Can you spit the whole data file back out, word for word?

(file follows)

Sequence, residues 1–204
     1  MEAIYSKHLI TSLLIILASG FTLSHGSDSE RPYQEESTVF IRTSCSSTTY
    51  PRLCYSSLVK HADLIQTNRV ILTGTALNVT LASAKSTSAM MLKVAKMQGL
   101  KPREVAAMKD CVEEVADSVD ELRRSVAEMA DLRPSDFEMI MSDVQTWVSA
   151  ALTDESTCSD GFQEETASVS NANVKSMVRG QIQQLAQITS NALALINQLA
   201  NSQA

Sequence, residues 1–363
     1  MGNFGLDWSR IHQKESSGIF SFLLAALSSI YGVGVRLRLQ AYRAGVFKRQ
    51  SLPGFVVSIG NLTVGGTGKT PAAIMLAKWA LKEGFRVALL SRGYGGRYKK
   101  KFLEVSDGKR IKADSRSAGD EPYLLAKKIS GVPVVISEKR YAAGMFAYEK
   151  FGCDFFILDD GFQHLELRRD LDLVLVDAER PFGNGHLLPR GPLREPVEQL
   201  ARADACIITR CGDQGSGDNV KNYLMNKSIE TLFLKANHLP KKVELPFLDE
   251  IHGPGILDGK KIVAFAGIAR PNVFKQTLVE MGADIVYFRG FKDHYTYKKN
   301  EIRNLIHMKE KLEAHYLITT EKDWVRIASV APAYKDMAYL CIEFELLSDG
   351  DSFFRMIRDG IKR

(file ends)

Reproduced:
Sequence, residues 1–204
     1  MEAIYSKHLI TSLLIILASG FTLSHGSDSE RPYQEESTVF IRTSCSSTTY
    51  PRLCYSSLVK HADLIQTNRV ILTGTALNVT LASAKSTSAM MLKVAKMQGL
   101  KPREVAAMKD CVEEVADSVD ELRRSVAEMA DLRPSDFEMI MSDVQTWVSA
   151  ALTDESTCSD GFQEETASVS NANVKSMVRG QIQQLAQITS NALALINQLA
   201  NSQA

Sequence, residues 1–363
     1  MGNFGLDWSR IHQKESSGIF SFLLAALSSI YGVGVRLRLQ AYRAGVFKRQ
    51  SLPGFVVSIG NLTVGGTGKT PAAIMLAKWA LKEGFRVALL SRGYGGRYKK
   101  KFLEVSDGKR IKADSRSAGD EPYLLAKKIS GVPVVISEKR YAAGMFAYEK
   151  FGCDFFILDD GFQHLELRRD LDLVLVDAER PFGNGHLLPR GPLREPVEQL
   201  ARADACIITR CGDQGSGDNV KNYLMNKSIE TLFLKANHLP KKVELPFLDE
   251  IHGPGILDGK KIVAFAGIAR PNVFKQTLVE MGADIVYFRG FKDHYTYKKN
   301  EIRNLIHMKE KLEAHYLITT EKDWVRIASV APAYKDMAYL CIEFELLSDG
   351  DSFFRMIRDG IKR